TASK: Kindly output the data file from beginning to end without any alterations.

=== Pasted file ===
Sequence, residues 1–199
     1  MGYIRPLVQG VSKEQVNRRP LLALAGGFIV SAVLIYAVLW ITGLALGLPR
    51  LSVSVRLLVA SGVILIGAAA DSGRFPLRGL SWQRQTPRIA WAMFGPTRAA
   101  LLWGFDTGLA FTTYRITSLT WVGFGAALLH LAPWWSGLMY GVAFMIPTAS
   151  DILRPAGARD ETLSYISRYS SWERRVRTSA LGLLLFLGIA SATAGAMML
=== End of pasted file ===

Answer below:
Sequence, residues 1–199
     1  MGYIRPLVQG VSKEQVNRRP LLALAGGFIV SAVLIYAVLW ITGLALGLPR
    51  LSVSVRLLVA SGVILIGAAA DSGRFPLRGL SWQRQTPRIA WAMFGPTRAA
   101  LLWGFDTGLA FTTYRITSLT WVGFGAALLH LAPWWSGLMY GVAFMIPTAS
   151  DILRPAGARD ETLSYISRYS SWERRVRTSA LGLLLFLGIA SATAGAMML